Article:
Silicon is important for the structure of hair and bones - cucumbers are a good source (the whole fruit, but particularly the outer, dark green, skin, which simultaneously supplies good levels of carotenoids and trace minerals. Note that non-organic cucumbers are waxed so the skin should, unfortunately, be discarded - in short, buy only organic). I also choose to supplement with 'BioSil', by Jarrow Formulas - it's an extremely bio-available silicon supplement. Not a substitute for good diet, but a good supplement if silicon is an issue for you.
Obviously, I've only scratched the surface, but I hope the above has given you something to consider on the topic of hair and diet.
Some other, related, threads:
09-09-2005, 01:27 PM
Hmmmmmmm, maybe I'm just a freak. :eek: :D
09-09-2005, 01:41 PM
I actually came on line today to start a thread on this. Last night my daughter mentioned my thinning hair. In the past three weeks I noticed handfuls coming out when I washed or even combed my hair. I chopped most of it off the other day thinking it was the length that was pulling at it, but I'm still concerned.
How many of you who are losing your hair are doing low fat? I am. I have hemp seed a few days a week, but never eat avacodos or oil.
For those of you noticing hair loss, how much greens do you eat? I get some in my morning smoothie, but probably not enough.
For those of you noticing hair loss, how long were you raw. Me, it started about mid 3rd month.
For those of you who had hair loss and then regrew it, how long were you raw before you noticed that?
My fingernails break much shorter now, also, how about you?
About 2 1/2 months ago I noticed that my chunks of my hair was falling out. Especially, when I comb it in the shower.
I was always known to have a lot of hair and shed like a dog so hair loss was not in my concern, but recently I am starting to worry.
I have not told anyone yet because I thought that it was not a big deal, but it has been awhile and I am still losing locks of hair.
Maybe, I might go see a nutritionist about this and see what vitamins I am missing.
Time for Rogain? -ahaha
09-09-2005, 07:15 PM
Sorry for my ignorance, but what is MSM?
09-10-2005, 01:13 PM
My hair has been falling out too. I am wondering if there are MEN on our boards who experience this, as I've only read about women so far.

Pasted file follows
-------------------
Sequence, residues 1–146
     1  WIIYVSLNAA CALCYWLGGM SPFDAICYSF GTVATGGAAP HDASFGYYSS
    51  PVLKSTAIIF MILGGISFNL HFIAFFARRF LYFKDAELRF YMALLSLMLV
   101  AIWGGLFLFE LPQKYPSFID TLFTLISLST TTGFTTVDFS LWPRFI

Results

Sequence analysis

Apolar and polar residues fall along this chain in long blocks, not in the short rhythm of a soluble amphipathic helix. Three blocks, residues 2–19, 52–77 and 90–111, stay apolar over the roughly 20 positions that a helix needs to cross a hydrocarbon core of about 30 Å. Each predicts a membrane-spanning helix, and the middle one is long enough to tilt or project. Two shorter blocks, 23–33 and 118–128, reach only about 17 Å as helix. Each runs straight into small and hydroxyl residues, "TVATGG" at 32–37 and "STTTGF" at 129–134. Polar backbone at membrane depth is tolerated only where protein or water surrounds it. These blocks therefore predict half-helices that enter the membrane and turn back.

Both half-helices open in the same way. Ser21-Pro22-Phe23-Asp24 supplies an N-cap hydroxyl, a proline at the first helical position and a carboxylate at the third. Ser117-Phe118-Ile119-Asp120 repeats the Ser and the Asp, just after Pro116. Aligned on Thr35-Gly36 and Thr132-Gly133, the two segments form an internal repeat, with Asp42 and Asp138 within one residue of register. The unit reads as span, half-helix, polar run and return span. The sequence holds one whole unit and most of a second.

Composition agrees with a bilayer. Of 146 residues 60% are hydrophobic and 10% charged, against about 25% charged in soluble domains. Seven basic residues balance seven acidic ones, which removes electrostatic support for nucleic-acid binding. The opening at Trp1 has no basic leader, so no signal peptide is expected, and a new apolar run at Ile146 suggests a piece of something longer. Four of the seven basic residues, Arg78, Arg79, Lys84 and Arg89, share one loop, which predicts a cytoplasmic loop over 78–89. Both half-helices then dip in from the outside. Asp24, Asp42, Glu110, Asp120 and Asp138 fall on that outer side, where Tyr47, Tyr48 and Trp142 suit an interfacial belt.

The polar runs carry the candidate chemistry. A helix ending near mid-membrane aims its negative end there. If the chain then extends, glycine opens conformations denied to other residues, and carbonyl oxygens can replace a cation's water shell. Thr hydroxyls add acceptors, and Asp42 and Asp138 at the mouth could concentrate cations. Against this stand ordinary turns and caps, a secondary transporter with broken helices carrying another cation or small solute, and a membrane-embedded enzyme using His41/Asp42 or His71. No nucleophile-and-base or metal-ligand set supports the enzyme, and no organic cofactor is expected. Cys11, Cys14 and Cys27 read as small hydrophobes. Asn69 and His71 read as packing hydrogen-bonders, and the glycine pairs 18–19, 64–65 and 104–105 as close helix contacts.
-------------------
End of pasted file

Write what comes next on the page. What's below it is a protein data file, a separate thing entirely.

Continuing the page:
My hair fell out after giving birth to my third child. It was definitely a hormonal thing at the time. My theory now is that my hormones are still balancing out and that is what is causing this loss. My PMS is non-existent now and cramping is nil (whereas not long after going raw I had unbelievable cramping one day way worse than pre-raw, but not any since).
Just a theory...and why I'm wondering about MEN having the hair loss issue, because it would prove my theory if they don't :D
09-10-2005, 01:34 PM
MSM is a supplement that is used for joint pain but it has also been found to be good for hair growth. I asked at a Health food store in Wisc. a few years ago for something that would make my hair grow faster and that is what they gave me. It does really work.
09-10-2005, 05:49 PM
I realized in my post that I wasn't clear on that my third child's birth was TEN years ago and so my hormones aren't still balancing from THAT event. I meant that my hormones are balancing now because of eating raw.
09-10-2005, 07:23 PM
My holistic doctor said that a sign of not enough protein is hair falling out. I know there's a whole other thread on getting enough protein. And personally, I get about 20grams of protein a day and I have thick, thick hair.
09-10-2005, 07:26 PM
Here is what David Wolfe says about Hair in his Eating for Beauty Book:
"Our hair is an agricultural crop that has its roots in the blood-enriched lymphatic soil beneath the skin. The most important aspect of rehabilitating hair is to cleanse, purify and nourish the body, blood, and lymphatic system. To maintain healthy hair, adequate nutrition and blood flow to the hair roots is necessary. The Primary cause of hair loss and premature graying is a lack of nourishment for renewing the living hair follicle. A deficiency of one trace mineral, tin, can contribute to male pattern baldness. Just like our bones, organs, and muscles, our hair follicles must also receive adequate nutrition.
Malnourishment of the hair follicle is primarily cause by the clogging of the fine capillaries with mucus from mucus-forming foods (pasteurized dairy products, cooked grains [especially wheat], cooked animal fat and cooked polyunsaturated oils). If we want a good hairline, the important than for us to have is excellent circulation to allow nutrients to flow to the hair follicle.
Eating a raw-food diet may not be enough to restore damaged hair follicles -- our diet must be raw, mineral-rich, and nutrient-dense to achieve the extraordinary results we are seeking.
Healthy hair requires specific protein-building amino acids and sulfur in the diet because hair is almost entirely made up of protein (97%). These can be found in hemp seeds, super food blends, and eating a wide variety of organic vegetables and their juices. Animal protein is abrasive, inflammatory, and clogging, therefore it is a poor choice as a hair nutrient.
MSM forms the sulfur bonds between proteins. It also increases the assimilation of protein. One of the first things you will discover after taking MSM is that your hair growth will be stronger and more vigorous.
Give eating raw a lot more time. ;-)